Cleopatra, Queen of Egypt

Under the Ptolemaic Dynasty, the Egyptian pharaoh Cleopatra VII ruled Egypt from approximately 51 BC to 30 BC. Initially ruling alongside her father and brothers, she ultimately rose as Egypt’s principal figure. To solidify this role, Cleopatra engaged in several affairs with affluent leaders garnering her political advantage. Renowned for her undeniable beauty and cunning nature, Cleopatra forever changed world history.

Rife with rivalry and contempt, Cleopatra’s ascension to the throne came at a price. Little is known about her mother, but she is believed to be either the sister or cousin of Ptolemy XII – Cleopatra’s father. After their father’s death, Cleopatra and her brother, Ptolemy XIII, ruled together for three years facing dire national hardships of famine, flooding and political strife. In accordance with incestuous tradition, Cleopatra married her brother but by 51 BC, all relations between the two ceased. Cleopatra removed her brother’s name from all official documentation and embossed coins with only her profile – a direct attack on traditional Ptolemaic rulership. Supporters of Ptolemy XIII removed Cleopatra from power in 48 BC, making her brother the sole monarch.

During Cleopatra’s exile, Ptolemy attempted to establish political sovereignty with Rome and Julius Caesar by murdering Pompey, Caesar’s political enemy. Unfortunately, for Ptolemy, Pompey had intricate ties to Caesar’s family and his murder was a grave miscalculation. Caesar overtook Egypt’s capital and became the moderator between Cleopatra and Ptolemy dispute of rulership. Anxious to exploit Caesar’s anger towards her brother, Cleopatra snuck into the palace to meet with him. Before long, she became his mistress and was appointed sole ruler in 47 BC after giving birth to their son, Ptolemy Caesar or Caesarion for short. Ptolemy VIII was drowned in the Nile River.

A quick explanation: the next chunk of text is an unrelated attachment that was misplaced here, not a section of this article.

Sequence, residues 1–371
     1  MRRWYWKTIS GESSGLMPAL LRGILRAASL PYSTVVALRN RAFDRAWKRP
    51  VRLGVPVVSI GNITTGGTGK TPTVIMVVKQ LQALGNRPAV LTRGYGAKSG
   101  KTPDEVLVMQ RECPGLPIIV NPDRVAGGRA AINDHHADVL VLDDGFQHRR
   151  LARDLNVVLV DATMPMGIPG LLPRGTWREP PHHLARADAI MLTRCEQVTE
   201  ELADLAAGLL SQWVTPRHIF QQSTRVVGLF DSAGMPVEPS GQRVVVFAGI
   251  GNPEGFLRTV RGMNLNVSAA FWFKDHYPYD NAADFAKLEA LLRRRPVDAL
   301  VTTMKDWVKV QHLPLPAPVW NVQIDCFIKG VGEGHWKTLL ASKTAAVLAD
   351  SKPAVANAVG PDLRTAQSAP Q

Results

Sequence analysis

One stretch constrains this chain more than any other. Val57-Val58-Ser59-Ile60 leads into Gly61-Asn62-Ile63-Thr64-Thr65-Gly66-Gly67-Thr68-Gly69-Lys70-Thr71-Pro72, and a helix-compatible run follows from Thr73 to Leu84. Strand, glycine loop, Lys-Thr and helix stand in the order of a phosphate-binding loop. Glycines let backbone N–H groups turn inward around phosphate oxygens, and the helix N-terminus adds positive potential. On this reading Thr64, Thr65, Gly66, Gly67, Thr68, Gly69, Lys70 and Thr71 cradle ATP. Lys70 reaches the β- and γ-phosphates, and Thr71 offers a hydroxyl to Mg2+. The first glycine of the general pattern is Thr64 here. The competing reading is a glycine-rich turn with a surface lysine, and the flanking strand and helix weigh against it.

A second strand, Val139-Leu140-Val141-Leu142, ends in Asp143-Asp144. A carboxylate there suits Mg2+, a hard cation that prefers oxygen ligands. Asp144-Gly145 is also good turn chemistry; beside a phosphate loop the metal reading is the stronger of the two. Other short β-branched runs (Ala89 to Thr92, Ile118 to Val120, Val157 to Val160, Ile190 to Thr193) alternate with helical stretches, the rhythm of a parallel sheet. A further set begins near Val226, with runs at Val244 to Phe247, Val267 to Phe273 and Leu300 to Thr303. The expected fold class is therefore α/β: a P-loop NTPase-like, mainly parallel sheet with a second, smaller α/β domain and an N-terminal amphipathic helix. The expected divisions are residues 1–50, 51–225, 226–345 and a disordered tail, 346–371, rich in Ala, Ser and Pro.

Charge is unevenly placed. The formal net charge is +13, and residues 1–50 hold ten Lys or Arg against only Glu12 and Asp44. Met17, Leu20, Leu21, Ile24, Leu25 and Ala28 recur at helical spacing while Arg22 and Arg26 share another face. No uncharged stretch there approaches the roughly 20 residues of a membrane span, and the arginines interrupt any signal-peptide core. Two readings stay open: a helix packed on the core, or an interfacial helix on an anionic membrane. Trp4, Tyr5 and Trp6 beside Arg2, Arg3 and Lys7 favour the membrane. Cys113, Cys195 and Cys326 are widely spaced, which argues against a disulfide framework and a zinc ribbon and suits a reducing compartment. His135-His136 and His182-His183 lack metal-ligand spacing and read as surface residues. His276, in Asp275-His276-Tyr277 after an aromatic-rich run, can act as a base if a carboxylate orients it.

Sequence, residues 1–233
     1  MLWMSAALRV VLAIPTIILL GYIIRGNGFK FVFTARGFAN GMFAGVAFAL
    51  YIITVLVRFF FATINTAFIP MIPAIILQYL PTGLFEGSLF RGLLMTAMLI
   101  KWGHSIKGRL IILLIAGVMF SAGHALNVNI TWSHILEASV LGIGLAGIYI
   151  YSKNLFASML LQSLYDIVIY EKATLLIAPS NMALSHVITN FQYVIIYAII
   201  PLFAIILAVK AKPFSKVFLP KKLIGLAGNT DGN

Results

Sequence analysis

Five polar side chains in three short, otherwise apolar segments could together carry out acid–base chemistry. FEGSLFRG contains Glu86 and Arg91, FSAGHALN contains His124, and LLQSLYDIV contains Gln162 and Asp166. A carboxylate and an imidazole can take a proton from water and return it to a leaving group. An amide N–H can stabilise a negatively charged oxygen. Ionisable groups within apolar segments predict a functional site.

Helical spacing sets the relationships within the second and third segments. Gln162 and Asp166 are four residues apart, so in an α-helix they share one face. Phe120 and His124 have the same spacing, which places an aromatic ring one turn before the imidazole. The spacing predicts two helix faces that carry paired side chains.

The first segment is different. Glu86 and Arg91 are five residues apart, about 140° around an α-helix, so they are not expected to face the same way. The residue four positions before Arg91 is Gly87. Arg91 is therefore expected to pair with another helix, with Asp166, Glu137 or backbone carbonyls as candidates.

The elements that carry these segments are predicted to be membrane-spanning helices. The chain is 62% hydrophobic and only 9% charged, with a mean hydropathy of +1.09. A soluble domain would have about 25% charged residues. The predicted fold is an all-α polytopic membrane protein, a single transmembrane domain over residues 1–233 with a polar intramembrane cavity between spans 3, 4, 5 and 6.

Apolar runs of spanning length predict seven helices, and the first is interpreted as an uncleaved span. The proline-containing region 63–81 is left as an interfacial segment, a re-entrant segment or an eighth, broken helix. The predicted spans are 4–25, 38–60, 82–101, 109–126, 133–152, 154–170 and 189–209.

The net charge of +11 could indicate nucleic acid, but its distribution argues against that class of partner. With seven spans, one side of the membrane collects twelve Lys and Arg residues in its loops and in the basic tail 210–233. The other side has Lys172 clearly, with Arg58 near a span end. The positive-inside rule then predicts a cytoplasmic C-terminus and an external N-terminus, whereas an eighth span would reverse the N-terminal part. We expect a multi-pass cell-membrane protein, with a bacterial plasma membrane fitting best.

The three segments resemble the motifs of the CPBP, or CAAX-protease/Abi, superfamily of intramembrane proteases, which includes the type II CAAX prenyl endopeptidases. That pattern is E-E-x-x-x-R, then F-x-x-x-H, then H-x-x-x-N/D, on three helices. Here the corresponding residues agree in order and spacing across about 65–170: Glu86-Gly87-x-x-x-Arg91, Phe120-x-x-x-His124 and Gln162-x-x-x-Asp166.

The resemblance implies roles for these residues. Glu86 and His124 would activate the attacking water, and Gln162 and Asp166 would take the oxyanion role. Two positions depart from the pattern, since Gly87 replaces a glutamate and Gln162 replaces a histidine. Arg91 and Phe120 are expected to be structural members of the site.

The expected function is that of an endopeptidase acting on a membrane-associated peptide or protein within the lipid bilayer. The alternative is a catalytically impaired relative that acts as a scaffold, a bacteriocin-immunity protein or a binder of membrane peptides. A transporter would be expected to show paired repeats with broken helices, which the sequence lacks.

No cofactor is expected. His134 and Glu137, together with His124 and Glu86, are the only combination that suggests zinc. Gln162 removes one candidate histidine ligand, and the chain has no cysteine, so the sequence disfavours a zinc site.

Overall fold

Julius Caesar and Cleopatra’s affair was a Roman scandal due to Caesar’s preexisting marriage to Calpurnia Pisonis. Caesar assassination in 44 BC prompted Cleopatra to swiftly return to Egypt. During the Roman Civil War – initiated by Caesar’s death - many opponents of Cleopatra sought to invade Egypt who backed the Caesarian party, represented by Mark Antony. Egypt was safeguarded for the time being by a blossoming relationship between Mark Anthony and Cleopatra. He was so enamored with the ruler, that by 40 BC she had given birth to twins – Alexander Helios and Cleopatra Selene II – and married according to tradition Egyptian rite.

Octavian, once a proponent of Marc Antony, waged war against Egypt in 33 BC. By 30 BC, Antony’s terrestrial stronghold had been abolished in the Sea Battle of Actium. He committed suicide by repeatedly stabbing himself as he thought Cleopatra had done as well. When he discovered that she was still alive, he was taken to her and passed away in her arms. Following Antony’s death, it is commonly believed that Cleopatra committed suicide by either enticing a cobra to bite her, or applying a toxic ointment. Egypt transitioned to Roman rule, never to be ruled by Egyptian pharaohs again.

The story of Cleopatra VII has often been romanticized as a tragic tale of love. Cleopatra’s legacy as the last ruling pharaoh of Egypt is one of notoriety and conquest. Nevertheless, Cleopatra’s unrelenting drive for power and rule, transformed her as one of history’s most recognizable figures.